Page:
?Odds have it that television only creates a mirage of meaning at best, and distracts us from what we really seek? ?Tom Morrissey. But we all need an open mind to look for what we seek. To do this we must shield ourselves from advertising, so our mindfulness can grow and be able to see right through every ad, no matter what its saying or how its said. When I rarely watch TV, I get a different perspective to it and see the meaning behind the ad, compared to someone who watches it every day and absorb it as mere content.

I am amazed that very few people have noticed the change in content on television. For example: sex and violence. In addition I notice how the messages that commercials send are so blatant and up front, ?Look, you are worth diddly scum unless you buy (lots of) this product.??Thomas Morressey, and I share his exact views. But, half the western culture has already been exposed to too much advertisement to step back from it all and say, ?why am I watching this? What is the purpose?? We as Americans have been TOLD from day one to consume and be a part of the ?the more you buy, the better your life will be? type mindset. And that life just isn?t perfect with that jeep Cherokee and Mr. Clean floor wax. It is called ?rampant consumerism?, a condition where needs are socially defined, and luxuries become necessities. We build suburban neighborhoods designed around cars so we can fill it with more stuff and become in debt all because someone told us that we cant live without that red 2000 Honda Accord. Statistics have proven that Americans represent only four percent of the global population, yet we burn of a quarter of the world?s resources, and produce half its inorganic wastes. Television is where one must look to blame for this chaos. As it is the obvious driving force. With that in mind, how can it be possible for people to see past these views long enough before they realize what impact the media has on them, if they ever do, let them decide for themselves. In other words, how much TV must we watch before we realize what it is doing to us as people, and as a society. As you think about this, and wonder how we can change it all, obviously it is going to have to be a grass-roots effort. And since the message wont come to you through the TV or the government (since they fund some of it), it will only come from friends, and from other people showing the Tv-aholik that there is another way to live. Something like ?hey come with me, I can be a real friend to you, make you laugh, and share the world together. The light bulb of the soul switches off as we switch on the TV. And I believe that the bulb can only flicker again from the wisdom of someone else that shares the same thoughts about the media. But ultimately, in the end people are searching for meaning, and that meaning can only come from within, and for each of us to find.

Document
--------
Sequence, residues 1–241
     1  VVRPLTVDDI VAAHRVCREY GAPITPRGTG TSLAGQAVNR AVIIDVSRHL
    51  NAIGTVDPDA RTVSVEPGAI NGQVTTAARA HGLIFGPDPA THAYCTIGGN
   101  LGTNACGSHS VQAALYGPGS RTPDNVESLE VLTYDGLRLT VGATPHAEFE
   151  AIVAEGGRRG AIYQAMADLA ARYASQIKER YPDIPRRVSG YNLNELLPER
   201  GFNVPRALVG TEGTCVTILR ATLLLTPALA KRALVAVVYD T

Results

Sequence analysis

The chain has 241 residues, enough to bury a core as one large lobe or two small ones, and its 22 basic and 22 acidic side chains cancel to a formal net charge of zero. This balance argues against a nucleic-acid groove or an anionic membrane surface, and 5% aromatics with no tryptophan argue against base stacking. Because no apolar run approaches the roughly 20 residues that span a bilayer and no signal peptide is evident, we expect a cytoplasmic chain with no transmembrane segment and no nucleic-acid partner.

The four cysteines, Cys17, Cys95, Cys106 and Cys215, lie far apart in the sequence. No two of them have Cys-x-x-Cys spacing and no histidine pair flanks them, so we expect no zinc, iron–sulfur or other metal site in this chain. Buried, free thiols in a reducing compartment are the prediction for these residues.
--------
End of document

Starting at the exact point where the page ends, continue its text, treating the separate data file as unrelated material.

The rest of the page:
1) Norman Solomon. Wizard of media oz, behind the curtain of mainstream news.

Monroe Maine, Common Courage Press, 1997

2) Bruce W. Sanford Don?t shoot the messenger

New York NY, The Free Press. 1999

3) William Barlow Split Image, african americans in the mass media

New York NY, United Publishing, 1990

4) Tony Schwartz Media, the second god

New York NY, Random House Publishing, 1991

5) Daniel Moyniham Mass media, and for generations to come

Chicago IL Universal Press 1995

6) Steven Palmer Down the tube

New York NY, Common courage press, 1999

Thomas P. Morrissey Television, Commercialism, and Consumption Discussion 1998 pp.1-3

Henry Labalme Television, Commercialism, and Consumption Discussion 1998 pp.1

Stan Suther Television in Perspective 1998 pp.1-3

Joe Fortier Television as a symptom, and a cause 1998 pp.1-2

Van Evra Television and child Development

Lawrence Associates Publishers, Mah Wah, New Jersey 1998

Luren Axelrod TV proof your kids, a parents guide to safe and healthy viewing.

Carol Publishing Group, Secaucus New Jersey, 1997

Wally Bowen Ads, ads, everywhere, are there limits?

The new citizen no.2 1995

Dale Kunkel How the media sees kids?

Media studies journal vol. 8 issue #4 1994